The limits of air strikes when fighting the Islamic State

Bombing is attractive because Americans are rightly leery of a prolonged ground campaign in the Middle East. The Iraq debacle still colors our thinking on intervention. A poll taken in August showed that only 42 percent of Americans favored deploying a significant number of ground troops to Syria to fight the Islamic State, though a slight majority is comfortable with limited numbers of special operations forces.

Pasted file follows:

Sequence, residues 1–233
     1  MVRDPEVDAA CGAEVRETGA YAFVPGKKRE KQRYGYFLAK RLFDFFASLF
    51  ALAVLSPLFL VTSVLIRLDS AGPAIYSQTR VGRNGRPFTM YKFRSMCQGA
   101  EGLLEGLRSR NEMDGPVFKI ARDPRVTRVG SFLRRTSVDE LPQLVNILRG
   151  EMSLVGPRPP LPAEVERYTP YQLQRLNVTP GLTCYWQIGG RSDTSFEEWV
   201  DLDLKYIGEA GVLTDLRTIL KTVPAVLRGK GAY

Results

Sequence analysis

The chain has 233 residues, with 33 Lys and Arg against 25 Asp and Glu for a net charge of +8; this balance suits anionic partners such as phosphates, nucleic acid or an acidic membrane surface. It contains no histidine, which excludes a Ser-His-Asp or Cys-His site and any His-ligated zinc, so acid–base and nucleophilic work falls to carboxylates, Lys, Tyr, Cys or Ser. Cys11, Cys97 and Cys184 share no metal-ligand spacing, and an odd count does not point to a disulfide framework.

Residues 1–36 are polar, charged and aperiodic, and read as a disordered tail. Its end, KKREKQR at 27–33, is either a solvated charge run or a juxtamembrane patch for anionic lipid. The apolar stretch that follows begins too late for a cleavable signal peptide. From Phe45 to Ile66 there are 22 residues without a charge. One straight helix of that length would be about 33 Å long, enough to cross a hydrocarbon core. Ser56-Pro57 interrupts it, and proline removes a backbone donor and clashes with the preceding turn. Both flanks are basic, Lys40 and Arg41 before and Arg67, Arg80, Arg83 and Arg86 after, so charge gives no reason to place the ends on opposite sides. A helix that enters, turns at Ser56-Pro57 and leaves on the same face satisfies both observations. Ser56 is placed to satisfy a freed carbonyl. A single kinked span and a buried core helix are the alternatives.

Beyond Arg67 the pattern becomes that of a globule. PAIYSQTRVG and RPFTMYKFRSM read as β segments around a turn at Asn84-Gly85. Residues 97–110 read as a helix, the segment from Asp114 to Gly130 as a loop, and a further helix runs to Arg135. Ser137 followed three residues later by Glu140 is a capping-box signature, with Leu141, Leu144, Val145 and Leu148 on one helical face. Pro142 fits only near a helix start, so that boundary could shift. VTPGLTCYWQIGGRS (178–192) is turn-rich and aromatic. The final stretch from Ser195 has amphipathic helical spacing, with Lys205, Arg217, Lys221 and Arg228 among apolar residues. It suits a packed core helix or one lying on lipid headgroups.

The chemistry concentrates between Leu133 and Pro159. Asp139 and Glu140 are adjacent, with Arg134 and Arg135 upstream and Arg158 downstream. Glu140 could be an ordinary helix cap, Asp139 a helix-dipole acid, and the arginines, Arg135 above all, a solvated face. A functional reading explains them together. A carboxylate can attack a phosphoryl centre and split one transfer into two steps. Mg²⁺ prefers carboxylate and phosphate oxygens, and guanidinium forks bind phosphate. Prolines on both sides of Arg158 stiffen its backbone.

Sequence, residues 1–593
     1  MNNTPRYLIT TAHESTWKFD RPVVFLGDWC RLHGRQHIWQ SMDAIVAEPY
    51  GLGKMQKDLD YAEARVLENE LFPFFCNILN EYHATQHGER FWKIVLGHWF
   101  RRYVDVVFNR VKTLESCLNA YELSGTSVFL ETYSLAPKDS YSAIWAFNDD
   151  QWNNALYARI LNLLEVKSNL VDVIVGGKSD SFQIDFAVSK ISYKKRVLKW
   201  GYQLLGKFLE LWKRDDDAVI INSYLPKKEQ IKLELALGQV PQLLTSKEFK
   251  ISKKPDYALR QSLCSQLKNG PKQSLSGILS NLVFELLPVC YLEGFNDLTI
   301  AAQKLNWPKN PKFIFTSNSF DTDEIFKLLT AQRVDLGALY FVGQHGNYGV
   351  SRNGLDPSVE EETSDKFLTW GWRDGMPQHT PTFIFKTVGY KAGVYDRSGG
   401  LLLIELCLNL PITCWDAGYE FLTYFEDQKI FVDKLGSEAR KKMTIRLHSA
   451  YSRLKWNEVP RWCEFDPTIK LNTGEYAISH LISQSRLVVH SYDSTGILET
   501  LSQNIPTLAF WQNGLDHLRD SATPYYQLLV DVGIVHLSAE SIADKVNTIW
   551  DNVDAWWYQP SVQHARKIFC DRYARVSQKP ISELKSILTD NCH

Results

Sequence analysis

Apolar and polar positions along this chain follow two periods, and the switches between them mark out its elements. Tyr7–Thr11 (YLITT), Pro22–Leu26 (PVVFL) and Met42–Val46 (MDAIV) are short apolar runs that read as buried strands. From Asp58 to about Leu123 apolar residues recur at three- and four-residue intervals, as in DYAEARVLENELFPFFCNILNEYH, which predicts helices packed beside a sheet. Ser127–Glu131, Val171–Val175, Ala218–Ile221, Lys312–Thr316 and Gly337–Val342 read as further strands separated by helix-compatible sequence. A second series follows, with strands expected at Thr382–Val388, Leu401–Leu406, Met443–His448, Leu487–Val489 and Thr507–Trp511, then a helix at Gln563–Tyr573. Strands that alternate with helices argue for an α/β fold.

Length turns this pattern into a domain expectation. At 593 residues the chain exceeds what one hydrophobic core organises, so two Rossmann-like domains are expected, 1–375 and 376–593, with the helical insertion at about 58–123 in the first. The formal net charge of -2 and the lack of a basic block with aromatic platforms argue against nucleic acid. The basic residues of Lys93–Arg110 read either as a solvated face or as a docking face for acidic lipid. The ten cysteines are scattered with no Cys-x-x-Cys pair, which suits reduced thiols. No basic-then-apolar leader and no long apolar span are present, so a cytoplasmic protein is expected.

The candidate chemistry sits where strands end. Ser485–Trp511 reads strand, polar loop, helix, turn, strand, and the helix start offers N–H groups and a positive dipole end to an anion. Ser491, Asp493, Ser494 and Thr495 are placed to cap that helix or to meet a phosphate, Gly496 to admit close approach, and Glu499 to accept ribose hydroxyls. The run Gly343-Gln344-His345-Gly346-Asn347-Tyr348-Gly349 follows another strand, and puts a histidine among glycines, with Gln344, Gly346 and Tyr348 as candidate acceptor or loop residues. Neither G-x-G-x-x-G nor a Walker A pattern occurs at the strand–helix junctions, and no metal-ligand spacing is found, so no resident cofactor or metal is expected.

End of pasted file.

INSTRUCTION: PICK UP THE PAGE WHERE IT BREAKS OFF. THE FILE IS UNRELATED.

Air power seems like the perfect middle ground between a large ground force invasion and inaction: a way to hit the Islamic State hard while avoiding an Iraq-like quagmire. The previously cited poll also showed that 72 percent of Americans favor airstrikes on the Islamic State, and apparently our president-elect is among their ranks. As Eliot Cohen, one of our country’s leading military analysts, once wryly remarked, “Air power is an unusually seductive form of military strength, in part because, like modern courtship, it appears to offer gratification without commitment.” Yet air power, if not used carefully, runs all the risks of a one-night stand: it can create false expectations, drag America into unwanted relationships with flawed partners, and winds up meaning little in the long-term.

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